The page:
It has been discovered that the pyrochlore compounds made by the method of the present invention exhibit an expanded lattice, believed to be a result of the increased amount of lead or bismuth in the crystal structure. It is believed that there exists a direct correlation between the extent of expansion of the lattice and the amount of excess lead or bismuth in the crystalline structure. Thus, it is believed that all things otherwise being equal, the greater the lattice parameter, the greater the amount of lead or bismuth and therefore the larger the variable x in the formula representing the compounds of the present invention. This belief is supported by the fact that all compounds made by the method of the present invention, which have been prepared and lattice parameters determined, do indeed exhibit expanded lattices.

In general terms, the method of the present invention involves reacting A and B cations to yield a pyrochlore oxide by precipitation of A and B cations from an aqueous solution source of these cations in a liquid alkaline medium in the presence of an oxygen source at a temperature below about 200 C., and in the presence of an anodic potential, for a sufficient time for reaction to occur. The synthesis occurs entirely in a solution medium where the reaction kinetics are quite favorable and not so restrictive as is found in solid state reactions notwithstanding the low reaction temperature employed in the present method. These conditions result in the formation of product in high surface area form (25-150 m2 /g). High surface area is particularly advantageous for materials used in a catalytic or electrocatalytic application since the concentration of available catalytically active sites is maximized.

The aqueous solution source of reactant (A and B) cations is meant by definition to include any aqueous solution which will dissolve ionic A and B cations. This metal cation containing solution may be prepared using A source materials which include lead nitrate, lead oxide, lead chloride, lead acetate, lead carbonate, lead citrate, lead oxalate, bismuth nitrate, bismuth oxide, bismuth chloride, bismuth oxalate and bismuth oxychloride as well as mixtures thereof. Desirably, the A source material used in preparing the aqueous solution source of A and B cations is either a lead source material or a bismuth source material, although, as mentioned, mixtures of these may be used. Among the mentioned A source materials, preferred are lead and bismuth nitrates. The B source materials used in preparing the aqueous solution source of A and B cations include ruthenium chloride, ruthenium nitrate, ruthenium nitrosyl nitrite, iridium chloride, iridium hydroxide and iridium oxalic acid as well as mixtures thereof. Desirably, the B source material is either a ruthenium source or an iridium source, although mixtures thereof may be employed. The preferred B source materials include ruthenium nitrate and iridium chloride.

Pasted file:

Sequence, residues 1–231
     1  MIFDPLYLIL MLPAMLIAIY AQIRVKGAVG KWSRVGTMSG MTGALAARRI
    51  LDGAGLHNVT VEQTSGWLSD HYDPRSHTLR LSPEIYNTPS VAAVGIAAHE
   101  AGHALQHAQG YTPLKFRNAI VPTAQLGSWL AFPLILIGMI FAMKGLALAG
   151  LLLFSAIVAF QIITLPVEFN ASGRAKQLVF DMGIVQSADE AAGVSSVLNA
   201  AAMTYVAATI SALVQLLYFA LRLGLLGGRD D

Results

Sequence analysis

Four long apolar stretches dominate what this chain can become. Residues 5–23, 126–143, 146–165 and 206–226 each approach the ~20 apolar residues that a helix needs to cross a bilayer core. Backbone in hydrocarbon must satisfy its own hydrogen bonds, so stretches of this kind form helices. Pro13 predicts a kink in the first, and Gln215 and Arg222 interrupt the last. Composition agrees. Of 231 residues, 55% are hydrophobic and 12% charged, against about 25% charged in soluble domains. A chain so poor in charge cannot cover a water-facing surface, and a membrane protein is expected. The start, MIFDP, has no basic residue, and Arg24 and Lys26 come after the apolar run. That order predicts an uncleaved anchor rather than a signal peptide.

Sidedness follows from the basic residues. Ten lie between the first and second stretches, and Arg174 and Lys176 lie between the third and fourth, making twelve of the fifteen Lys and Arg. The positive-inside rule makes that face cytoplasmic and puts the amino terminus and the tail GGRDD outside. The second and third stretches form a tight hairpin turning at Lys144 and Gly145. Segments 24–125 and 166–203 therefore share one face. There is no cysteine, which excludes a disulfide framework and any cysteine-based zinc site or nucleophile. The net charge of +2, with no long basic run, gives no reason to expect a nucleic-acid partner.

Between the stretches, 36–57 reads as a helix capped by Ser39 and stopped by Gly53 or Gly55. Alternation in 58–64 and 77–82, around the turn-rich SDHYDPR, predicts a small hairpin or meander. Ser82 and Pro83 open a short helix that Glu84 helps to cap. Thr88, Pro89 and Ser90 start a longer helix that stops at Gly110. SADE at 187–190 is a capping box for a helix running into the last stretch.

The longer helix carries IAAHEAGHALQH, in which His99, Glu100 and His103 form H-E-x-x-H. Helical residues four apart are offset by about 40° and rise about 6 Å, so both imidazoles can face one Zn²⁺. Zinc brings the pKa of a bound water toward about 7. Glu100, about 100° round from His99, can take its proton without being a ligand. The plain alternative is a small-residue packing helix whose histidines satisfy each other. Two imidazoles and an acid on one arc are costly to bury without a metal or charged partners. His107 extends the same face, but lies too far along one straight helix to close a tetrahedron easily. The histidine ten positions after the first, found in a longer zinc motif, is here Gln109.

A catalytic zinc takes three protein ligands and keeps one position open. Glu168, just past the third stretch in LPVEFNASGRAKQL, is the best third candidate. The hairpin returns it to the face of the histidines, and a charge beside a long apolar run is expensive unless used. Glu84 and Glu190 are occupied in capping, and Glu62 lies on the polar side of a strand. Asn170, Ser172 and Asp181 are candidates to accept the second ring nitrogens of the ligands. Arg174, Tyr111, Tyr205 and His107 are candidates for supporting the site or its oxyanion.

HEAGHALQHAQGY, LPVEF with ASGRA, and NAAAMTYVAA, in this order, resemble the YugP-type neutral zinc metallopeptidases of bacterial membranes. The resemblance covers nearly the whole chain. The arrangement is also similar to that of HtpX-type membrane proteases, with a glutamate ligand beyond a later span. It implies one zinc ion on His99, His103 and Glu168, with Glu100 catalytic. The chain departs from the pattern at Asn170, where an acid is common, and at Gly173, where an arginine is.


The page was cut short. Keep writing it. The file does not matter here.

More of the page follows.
The aqueous solution source of A and B cations is prepared by dissolving appropriate amounts of A source material and B source material in aqueous solvent. In some cases water is adequate for this dissolution. When necessary, the A and B source materials may be dissolved in aqueous acid solutions, the acid solutions being just strong enough to cause the A and B source materials to dissolve. Acids such as nitric or hydrochloric may be used but nitric acid as preferred.